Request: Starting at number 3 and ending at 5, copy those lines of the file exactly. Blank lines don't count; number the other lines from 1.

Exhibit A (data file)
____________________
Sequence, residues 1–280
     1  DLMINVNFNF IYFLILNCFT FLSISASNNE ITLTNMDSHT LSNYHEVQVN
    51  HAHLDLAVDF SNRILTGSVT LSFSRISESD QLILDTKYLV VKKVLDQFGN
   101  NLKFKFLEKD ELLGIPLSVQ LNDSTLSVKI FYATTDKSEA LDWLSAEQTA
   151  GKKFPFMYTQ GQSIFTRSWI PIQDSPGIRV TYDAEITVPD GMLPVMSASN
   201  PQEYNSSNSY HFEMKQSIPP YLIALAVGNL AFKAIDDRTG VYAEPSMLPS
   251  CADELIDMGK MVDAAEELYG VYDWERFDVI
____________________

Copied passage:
    51  HAHLDLAVDF SNRILTGSVT LSFSRISESD QLILDTKYLV VKKVLDQFGN
   101  NLKFKFLEKD ELLGIPLSVQ LNDSTLSVKI FYATTDKSEA LDWLSAEQTA
   151  GKKFPFMYTQ GQSIFTRSWI PIQDSPGIRV TYDAEITVPD GMLPVMSASN